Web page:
What is a rhododendron?
RHODO means rose and DENDRON means tree. So a rhododendron is a “Rose Tree”. Rhododendrons are evergreen plants with long, tough green leaves. They grow into large shrubs and some mature into large trees.
Rhododendrons were planted in Park Wood, on Bidston Hill between 1897 and 1933. Many of them are over a hundred years old and they can still be enjoyed today. They are not all the common purple type as many are hybrids with beautiful shades of pink, white, red and purple often with attractive markings on the flowers. The leaves provide an extra focus of interest throughout the year.
Where can I see the rhododendrons in Park Wood?
Park Wood can easily be reached by two routes:
l. From Tam O’ Shanter, walk towards the Windmill to the pedestrian foot bridge over Vyner Road North then turn left, following the path down into Park Wood.
2. From Bidston Observatory, take the stone steps down towards Eleanor Road and turn left at the first junction.
When is the best time to see them?
Rhododendrons flower between March and June. In April, pale pink rhododendrons can be seen, followed by the white of Cunningham’s White. The best time however is in May when the common purple R. ponticum hybrids are also in flower. Depending on the year, some continue flowering well into June.
These will be scheduled between April and June, check the Events diary for the dates.
A brief history of the rhododendron ‘hardy hybrids’
The common purple rhododendron known as Rhododendron ponticum is frequently seen on the West coast of England and Scotland as well as Wales. lt was very popular with the Victorians who planted it wherever they could. R. ponticum comes from Turkey and is known as a species rhododendron which means it is the original type and not a cross. The species rhododendrons from the Himalayas are much admired by rhododendron enthusiasts and often have more interesting leaves and flowers as well as bark. They are however less vigorous and less hardy when grown in the U.K. compared with their countries of origin, where they thrive.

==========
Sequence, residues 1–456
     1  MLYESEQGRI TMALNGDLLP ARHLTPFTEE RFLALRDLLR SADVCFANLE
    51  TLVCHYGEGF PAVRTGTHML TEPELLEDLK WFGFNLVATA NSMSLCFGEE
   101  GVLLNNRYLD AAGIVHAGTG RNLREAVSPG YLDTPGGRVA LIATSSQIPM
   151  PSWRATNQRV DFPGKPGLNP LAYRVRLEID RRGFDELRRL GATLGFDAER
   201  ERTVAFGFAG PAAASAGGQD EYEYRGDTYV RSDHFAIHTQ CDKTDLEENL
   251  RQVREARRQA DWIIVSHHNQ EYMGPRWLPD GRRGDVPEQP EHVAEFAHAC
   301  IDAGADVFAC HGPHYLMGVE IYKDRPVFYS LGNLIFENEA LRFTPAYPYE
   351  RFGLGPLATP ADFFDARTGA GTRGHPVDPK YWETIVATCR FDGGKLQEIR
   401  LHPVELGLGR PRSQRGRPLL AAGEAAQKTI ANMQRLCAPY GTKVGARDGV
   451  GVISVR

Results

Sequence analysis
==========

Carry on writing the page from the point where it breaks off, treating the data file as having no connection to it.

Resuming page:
“Hardy hybrids” were bred in the mid- l8th century using ponticum and other species from Turkey (R. caucasicum), America (R.maximum, R.catawbiense) and from the Himalayas (R. arboreum, R. griffithianum, R. thomsonii). The crosses or hybrids produced are hardier than the original species and have a lovely variety of colours – white, red or pink, often with blotches or other markings in the throat, which add to their beauty when see close-up.
R. ‘Cunningham’s White’ is a cross between R, caucasicum & R. ponticum album. This hybrid is very tolerant of pollution and was widely planted in city parks during the 19th and 20th centuries. There are many specimens of R. Cunningham’s White in Park Wood.